Dr. Sheffield received her B.S. in Physics from NYU and her Ph.D. in Astronomy from the University of Virginia in Charlottesville. Prior to joining the faculty at LaGuardia, she served as a Science Fellow at Columbia University. Her research is focused on the formation and structure of our home galaxy, the Milky Way, through the study of stellar populations and chemical tagging. Dr. Sheffield is involved in public astronomy outreach events in Queens and co-leads a Girl Scout troop in Greenpoint, Brooklyn.
Winter Field Day Contest at K1WAS with GBARC & HARC
It’s Winter Field Day in the K1WAS ham shack (the WAS Classroom) again this year with our partners at GBARC & HARC. We practice emergency communications in a winter environment as it is just as important as the preparations and practice that are done each summer but with some additional unique operational concerns.
There’s always lots of food and a lot of fun and everyone with or without a ham radio license is welcome to attend!
We will operate 630 & 2200 meters bands.
Meg Urry, Department of Physics, Yale
Meg Urry is an American astrophysicist, who was from 2015–2016 the President of the American Astronomical Society, formerly on the Hubble space telescope faculty and was chair of the Department of Physics at Yale University 2007–2013. She is notable not only for her contributions to astronomy and astrophysics, including work on black holes and multiwavelength surveys but also for her work addressing sexism and gender equity in astronomy, and science and academia more generally.
Life in the Universe: Where Does It Come From? Professor Joshua Tan, City University of New York: LaGuardia Community College
The key ingredients and conditions that allowed for the emergence of life have been identified by biochemists for many decades. What is the astronomical context for this emergence? Where did it come from? In this talk I will discuss the astronomical contexts for the emergence of life and, along the way, look at how seemingly alien and exotic astrophysical events planted the seeds that are necessary for you and I to exist. The implications of this in our search for life outside the Earth will be explored as well.
Prof. Tan is an optical astronomer at City University of New York: LaGuardia Community College and a Research Affiliate of the American Museum of Natural History. He is intensely interested in observing the counterparts to short period binary millisecond pulsars. Aside from that, open problems in binary modeling, neutron star physics, and three-body dynamics occupy most of his research thinkspace. Recently, he became entangled with a project to build a research and teaching telescope at Grand Mesa Observatory
Dr. Sarbani Basu – Chair of the Department of Astronomy, Yale University
Sarbani Basu is a Professor in the Department of Astronomy at Yale University. She is also the current Chair of the Department. Dr. Basu received her training in India, and subsequently worked in the U.K. and Denmark before moving to the US to join the Institute for Advance Study, Princeton, NJ. She has been on the faculty of Yale since 2000.
Dr. Basu specializes in the study of the Sun and other stars using data on stellar oscillations (star quakes). Her past research was devoted to studying the details of the structure and dynamics of the Sun, which allowed her claim, long before the particle physics community, that the solar neutrino problem was a problem with the standard model of particle physics, not that of astrophysics. Her current research focuses on two separate topics: The first is the study of variations in the Sun over time-scales that are of societal relevance. To this end she uses solar oscillation data to examine changes that take place inside the Sun over periods of years and decades. Her second focus is to study stars, in particular exo-planet hosts, to determine their structure, age and formation histories in order to understand those systems as well as to shed light on the past and future of the Sun and the solar system. She has more than 200 peer-reviewed publications.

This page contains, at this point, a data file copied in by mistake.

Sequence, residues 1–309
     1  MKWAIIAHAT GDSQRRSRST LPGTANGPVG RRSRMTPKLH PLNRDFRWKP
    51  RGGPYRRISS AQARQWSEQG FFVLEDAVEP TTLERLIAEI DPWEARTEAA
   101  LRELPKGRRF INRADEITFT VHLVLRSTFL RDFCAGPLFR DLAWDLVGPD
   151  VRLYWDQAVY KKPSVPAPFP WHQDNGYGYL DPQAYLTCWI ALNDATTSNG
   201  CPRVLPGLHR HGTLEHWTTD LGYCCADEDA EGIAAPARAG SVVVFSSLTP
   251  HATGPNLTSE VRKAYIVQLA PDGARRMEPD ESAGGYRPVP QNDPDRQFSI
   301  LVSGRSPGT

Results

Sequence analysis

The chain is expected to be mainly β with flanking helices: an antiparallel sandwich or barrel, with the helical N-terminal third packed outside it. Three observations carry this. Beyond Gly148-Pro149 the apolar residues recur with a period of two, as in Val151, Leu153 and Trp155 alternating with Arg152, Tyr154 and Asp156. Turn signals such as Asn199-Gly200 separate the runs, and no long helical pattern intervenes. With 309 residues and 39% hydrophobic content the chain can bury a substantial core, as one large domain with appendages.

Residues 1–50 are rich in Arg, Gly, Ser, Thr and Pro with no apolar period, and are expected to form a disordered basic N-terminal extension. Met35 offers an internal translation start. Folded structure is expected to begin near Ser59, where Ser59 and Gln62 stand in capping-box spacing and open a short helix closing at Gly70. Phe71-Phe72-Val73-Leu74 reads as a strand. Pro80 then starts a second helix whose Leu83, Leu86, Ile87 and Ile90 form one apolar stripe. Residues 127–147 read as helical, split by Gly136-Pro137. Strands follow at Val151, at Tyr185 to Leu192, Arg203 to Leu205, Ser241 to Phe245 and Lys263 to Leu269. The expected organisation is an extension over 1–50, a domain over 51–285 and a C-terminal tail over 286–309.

Dr. Basu was awarded the Vainu Bappu Gold Medal of the Astronomical Society of India in 1996 for her contribution to the study of the structure and dynamics of the Sun. She was elected as a Fellow of the American Association for the Advancement of Science in 2015. She is a member of the Board of Directors of the Association of Universities for Research in Astronomy (AURA), a Consortium of educational and other non-profit institutions that operates major publicly funded astronomical observatories in the US. Basu was awarded the 2018 George Ellery Hale prize by the American Astronomical Society for her work studying solar oscillations.
The WAS Pre-Summer Star-BQ Potluck Picnic and Elections!
Join your friends and family for the annual summer picnic on the WAS Campus celebrating another great year of the Westport Astronomical Society! WAS supplies the burgers, dogs and soft drinks and you bring some tasty potluck surprises to share. We start at 6 with some grilling, a short meeting and then the 2019 election of the WAS Board of Directors.
The Annual Bob Meadows Stellafane Report!
The Westport Astronomical Society’s Observatory Director returns from the oldest star party in the world, the 84th convention of Stellafane on August 1-4, held yearly in Springfield VT.
Nothing slips through Bob’s cat-like reflexes when it comes to the latest telescope innovations from the talented Amateur Telescope Makers on Breezy Hill. He has more liquid water than Mercury but fewer rings than Saturn, and his favorite color is sky blue pink.
Visual astronomy only works if you can see the sky!
Astronomers, check these links to plan your observing:
• Hourly astronomy conditions
• Current/Future conditions
• Transparency animation
• Seeing animation